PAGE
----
The dimensions are split into four "domains," which are illustrated as four overlapping circles that represent the totality of e-work.
The domains are e-work; distributed decision support; active middleware; and integration, coordination and collaboration.
The e-work domain includes a dimension called agents and protocols, which could be sensors, robots and software that enable tasks to be carried out autonomously.
"If you are using Google, an example of an agent is a program that searches over many computers to find the documents you need," Nof said. "During the course of searching for and retrieving documents, the program is automatically interacting with other agents, whether they are software or hardware.
"Meanwhile, you are going about your business, doing your own work while the system works in parallel to search for your documents. Protocols and agents are both tools to work in this parallel layer so that they do things automatically that we don't want to do or that we cannot do.
"But organizing and managing the operation of agents for autonomous information systems is complex. First of all, what precise roles do you want the agents to perform, and how do you enable these agents to interact with each other?"
The domain of distributed decision support includes dimensions focusing on helping collaborators solve problems, using mathematical models and simulations to arrive at the right decisions.
The middleware domain includes software and hardware that allow companies and institutions to use a combination of old and new computers so that the older machines can be kept in service, saving money.
"Companies have invested millions of dollars in computing, and they don't want to waste their investment," Nof said. "But getting all of those old and new computers to talk to each other requires a pretty substantial interface – both software and hardware.
"We call it active because the middleware is not just passively facilitating this interface. It's also making some decisions on its own, providing services while it's performing this translation between computers. For instance, it might check to make sure that the information is secure and that it is relevant to the company's needs. If information is found to be irrelevant, maybe the company can get rid of it, freeing up computer resources."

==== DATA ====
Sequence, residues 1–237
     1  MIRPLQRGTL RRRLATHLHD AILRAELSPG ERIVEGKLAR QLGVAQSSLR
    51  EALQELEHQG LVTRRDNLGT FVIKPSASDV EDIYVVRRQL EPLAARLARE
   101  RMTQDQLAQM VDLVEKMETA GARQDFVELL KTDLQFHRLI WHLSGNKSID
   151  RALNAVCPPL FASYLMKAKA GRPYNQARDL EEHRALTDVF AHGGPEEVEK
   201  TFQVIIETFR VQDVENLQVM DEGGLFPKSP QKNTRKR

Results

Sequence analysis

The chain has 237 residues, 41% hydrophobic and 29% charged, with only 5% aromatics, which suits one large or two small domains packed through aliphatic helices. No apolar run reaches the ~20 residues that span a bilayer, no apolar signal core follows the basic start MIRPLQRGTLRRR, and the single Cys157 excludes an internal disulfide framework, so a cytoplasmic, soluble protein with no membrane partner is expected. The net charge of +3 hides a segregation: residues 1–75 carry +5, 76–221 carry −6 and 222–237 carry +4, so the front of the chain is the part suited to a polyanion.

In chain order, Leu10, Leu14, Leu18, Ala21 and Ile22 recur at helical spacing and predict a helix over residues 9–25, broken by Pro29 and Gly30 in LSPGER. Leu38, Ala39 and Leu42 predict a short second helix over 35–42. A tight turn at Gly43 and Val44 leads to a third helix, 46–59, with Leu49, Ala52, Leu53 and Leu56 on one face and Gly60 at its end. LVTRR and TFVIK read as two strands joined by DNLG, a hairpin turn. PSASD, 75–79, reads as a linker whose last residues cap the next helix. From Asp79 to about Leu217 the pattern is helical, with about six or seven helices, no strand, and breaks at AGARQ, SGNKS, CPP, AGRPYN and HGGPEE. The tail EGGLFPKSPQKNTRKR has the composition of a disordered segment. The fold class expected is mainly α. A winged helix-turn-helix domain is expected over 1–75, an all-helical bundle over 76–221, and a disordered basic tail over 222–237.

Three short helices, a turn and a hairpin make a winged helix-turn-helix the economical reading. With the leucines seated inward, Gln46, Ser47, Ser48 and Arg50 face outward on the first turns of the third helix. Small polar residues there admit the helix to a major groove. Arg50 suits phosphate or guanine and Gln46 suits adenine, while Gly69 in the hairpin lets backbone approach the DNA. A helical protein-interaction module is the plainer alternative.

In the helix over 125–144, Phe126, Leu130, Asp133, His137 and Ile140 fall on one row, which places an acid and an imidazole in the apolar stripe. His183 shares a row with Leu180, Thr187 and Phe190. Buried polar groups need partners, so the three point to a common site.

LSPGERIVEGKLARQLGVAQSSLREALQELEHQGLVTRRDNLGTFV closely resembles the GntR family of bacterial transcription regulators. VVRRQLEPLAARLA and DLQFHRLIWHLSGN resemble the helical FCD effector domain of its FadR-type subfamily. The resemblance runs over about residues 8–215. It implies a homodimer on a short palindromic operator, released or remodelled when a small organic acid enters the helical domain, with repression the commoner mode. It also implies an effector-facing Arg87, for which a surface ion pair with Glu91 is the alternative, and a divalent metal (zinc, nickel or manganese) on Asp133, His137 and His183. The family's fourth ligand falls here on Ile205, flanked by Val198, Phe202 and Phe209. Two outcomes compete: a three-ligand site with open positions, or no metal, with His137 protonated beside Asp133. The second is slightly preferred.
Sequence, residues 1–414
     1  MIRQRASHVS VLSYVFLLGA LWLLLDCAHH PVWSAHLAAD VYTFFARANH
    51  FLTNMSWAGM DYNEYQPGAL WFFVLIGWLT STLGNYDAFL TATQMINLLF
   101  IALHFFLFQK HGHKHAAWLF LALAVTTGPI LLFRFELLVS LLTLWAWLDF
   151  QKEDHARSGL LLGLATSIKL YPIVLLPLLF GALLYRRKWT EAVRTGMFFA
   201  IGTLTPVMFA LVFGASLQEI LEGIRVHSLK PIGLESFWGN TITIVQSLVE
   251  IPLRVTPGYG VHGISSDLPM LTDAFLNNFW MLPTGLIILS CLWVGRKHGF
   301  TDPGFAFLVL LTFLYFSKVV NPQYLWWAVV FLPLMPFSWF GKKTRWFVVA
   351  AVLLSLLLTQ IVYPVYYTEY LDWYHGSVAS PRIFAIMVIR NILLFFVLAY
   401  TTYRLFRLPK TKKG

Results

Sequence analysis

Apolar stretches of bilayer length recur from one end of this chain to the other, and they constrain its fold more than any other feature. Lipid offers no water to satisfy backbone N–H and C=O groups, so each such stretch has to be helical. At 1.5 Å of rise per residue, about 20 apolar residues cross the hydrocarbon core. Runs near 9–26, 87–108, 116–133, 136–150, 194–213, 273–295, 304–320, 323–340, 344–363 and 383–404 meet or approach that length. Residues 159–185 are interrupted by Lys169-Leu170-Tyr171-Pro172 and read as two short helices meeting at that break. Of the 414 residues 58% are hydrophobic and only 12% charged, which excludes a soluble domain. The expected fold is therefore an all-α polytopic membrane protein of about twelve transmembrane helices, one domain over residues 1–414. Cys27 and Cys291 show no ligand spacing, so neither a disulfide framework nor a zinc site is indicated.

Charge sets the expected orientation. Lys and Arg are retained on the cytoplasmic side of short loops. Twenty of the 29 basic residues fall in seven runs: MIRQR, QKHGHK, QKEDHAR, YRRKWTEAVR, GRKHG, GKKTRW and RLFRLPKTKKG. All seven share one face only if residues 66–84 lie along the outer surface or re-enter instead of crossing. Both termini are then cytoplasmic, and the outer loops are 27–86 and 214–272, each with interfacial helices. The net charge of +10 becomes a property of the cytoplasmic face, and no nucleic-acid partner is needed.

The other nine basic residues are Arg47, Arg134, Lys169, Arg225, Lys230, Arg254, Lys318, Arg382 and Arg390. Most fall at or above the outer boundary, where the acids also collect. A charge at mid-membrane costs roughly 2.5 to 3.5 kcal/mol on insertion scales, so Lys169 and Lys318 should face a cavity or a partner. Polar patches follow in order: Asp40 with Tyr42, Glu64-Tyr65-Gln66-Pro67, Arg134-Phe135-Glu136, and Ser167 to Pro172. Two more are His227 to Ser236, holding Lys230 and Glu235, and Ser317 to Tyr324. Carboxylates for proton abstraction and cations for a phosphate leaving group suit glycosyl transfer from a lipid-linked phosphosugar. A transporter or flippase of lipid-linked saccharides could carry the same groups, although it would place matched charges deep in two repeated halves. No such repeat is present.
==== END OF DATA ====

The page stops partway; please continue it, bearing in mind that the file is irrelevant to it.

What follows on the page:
One e-dimension of active middleware is grid computing, in which researchers can remotely access complex simulations and databases located on powerful computers without having to download and learn how to use specialized software needed to run the programs. Learning how to use software for some scientific applications can take months and require the services of a graduate student, so grid computing saves time and speeds research.
The domain of integration, coordination and collaboration involves methods for helping people, computers and companies effectively interact with each other.
"Coordination and collaboration are key issues when you have a large system with complex activities and companies outsourcing services to other corporations," Nof said. "A shoe company might outsource the design of its products to a company in Italy, while manufacturing the shoes in South America, and marketing might be done separately in each sales region.
"In fact, modern communications and networks have enabled companies to outsource. Why wasn't outsourcing popular in the '70s and '80s? It's because information technology and computer networks did not exist. If you did outsource a service, it would be like letting other people come into your factory without having any control over what they did. You had no computer control or communication mechanisms to monitor what they were doing."
Nof said PRISM's future work will include efforts to develop an international e-work research project with engineers in Japan and Chile.
Cite This Page: